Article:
While it's important to operate a stable, scalable recommender system, it's even more important that the system produces good recommendations. Myrrix provides basic tools, as does Apache Mahout, for evaluating the quality of recommendations produced by a recommender.
Note that evaluation support available in version 0.6 and beyond remains experimental and subject to change.
Evaluation would be simple if it were already known what recommendations are good, given a set of data. But, that is exactly what the recommender is supposed to do; if these answers were already known, the recommender would be unnecessary. Instead, as in most machine learning evaluations, a small part of all data is held out, and the remaining data is sent to the recommender to train it. The held-out test data are taken to represent "good" recommendations, and the test is intended to find out how well the recommender system returns these good recommendations. Some tests select most-associated items from each user as the "good" test data; some will select most recent data as test data.
This is not a perfect test, since the test data held out from a user may not actually represent best recommendations. For example, in the classic context of recommending movies, imagine a user that has viewed three Star Wars films and then Shrek, an animated comedy. The Shrek data point might be held out as the test datum. Given only that the user views Star Wars movies, a recommender would likely suggest more films in that series. But the resulting evaluation will essentially ask whether the recommender comes up with Shrek -- unlikely. In spite of these issues, evaluation schemes that follow have value, and can be used to compare implementations relative to each other.
Area Under Curve (AUC)
Area under curve is related to receiver operating characteristic (ROC). ROC, in turn, as applied to recommenders, reveals the proportion of good recommendations are returned as the number of recommendations increases. AUC is a summary statistic which may be interpreted as the probability that the recommender would rank a random good item recommendation from the test set higher than a random item. It is between 0 and 1, and larger is better, and ought to be above 0.9.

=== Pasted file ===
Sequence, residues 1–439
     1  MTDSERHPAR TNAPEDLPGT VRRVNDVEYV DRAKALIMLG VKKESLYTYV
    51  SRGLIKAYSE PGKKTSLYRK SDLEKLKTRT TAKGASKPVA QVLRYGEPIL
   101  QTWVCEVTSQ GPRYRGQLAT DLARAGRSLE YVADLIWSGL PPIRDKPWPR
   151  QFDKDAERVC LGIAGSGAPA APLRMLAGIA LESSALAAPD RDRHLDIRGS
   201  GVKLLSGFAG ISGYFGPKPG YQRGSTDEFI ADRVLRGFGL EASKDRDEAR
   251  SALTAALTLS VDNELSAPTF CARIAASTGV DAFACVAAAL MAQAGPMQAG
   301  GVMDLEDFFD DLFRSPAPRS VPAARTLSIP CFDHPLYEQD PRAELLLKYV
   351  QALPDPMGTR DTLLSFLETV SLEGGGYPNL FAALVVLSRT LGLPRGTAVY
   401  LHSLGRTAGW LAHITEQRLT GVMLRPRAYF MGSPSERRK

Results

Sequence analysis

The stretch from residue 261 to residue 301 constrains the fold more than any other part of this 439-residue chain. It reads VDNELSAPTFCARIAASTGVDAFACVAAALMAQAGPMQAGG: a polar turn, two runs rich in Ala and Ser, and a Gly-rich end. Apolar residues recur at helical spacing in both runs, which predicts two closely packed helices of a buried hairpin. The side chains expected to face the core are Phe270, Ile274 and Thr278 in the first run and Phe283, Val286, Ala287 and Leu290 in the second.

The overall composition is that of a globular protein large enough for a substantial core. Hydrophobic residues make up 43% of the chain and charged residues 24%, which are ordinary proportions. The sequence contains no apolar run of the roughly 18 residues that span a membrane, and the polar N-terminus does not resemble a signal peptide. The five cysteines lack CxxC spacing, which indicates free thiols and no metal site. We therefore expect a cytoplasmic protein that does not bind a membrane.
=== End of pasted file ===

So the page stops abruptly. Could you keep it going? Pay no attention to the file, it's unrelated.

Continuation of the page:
To run an AUC evaluation test, add the
myrrix-online module to your project, by adding
myrrix-serving-x.y.jar to your classpath. Prepare a directory containing (possibly compressed) CSV files of recommender data. This can be the same directory a real stand-alone Serving Layer is running from. If this directory is at "recommender-data", then to run an evaluation using 50% of all data, and using 90% of that as training data (leaving 10% as test data), execute Java code like:
import net.myrrix.online.eval.*; ... AUCEvaluator evaluator = new AUCEvaluator(); EvaluationResult stats = evaluator.evaluate(new File("recommender-data"), 0.9, 0.5); System.out.println(stats);
This will eventually print a value like "0.945", depending on your data. This is the AUC statistic. Higher is better.
Precision and Recall
Precision and recall are well-known statistics in information retrieval. Precision measures the proportion of recommendations that were good, and recall measures the proportion of all good recommendations that were recommended. (The test framework will actually request a number of recommendations equal to the number of all good recommendations; this makes precision and recall equal for purposes of this test.)
Precision and recall tests tend to suffer from the problem of knowing good recommendations before-hand. Precision and recall can be low even for good recommenders. Higher is better. To run this evaluation, follow the code above, using
A third, less common type of evaluation metric is provided for completeness. The recommender can estimate a strength of association for any item. A good recommender ought to estimate a value close to (or above) 1.0, as they are "good" recommendations. So, it is also possible to measure the average difference between 1.0 and the estimated strength value over test data -- just the average of "1 - estimate". This quantity can be negative, note. To try this out, use
EstimatedStrengthEvaluator. Here, lower is better.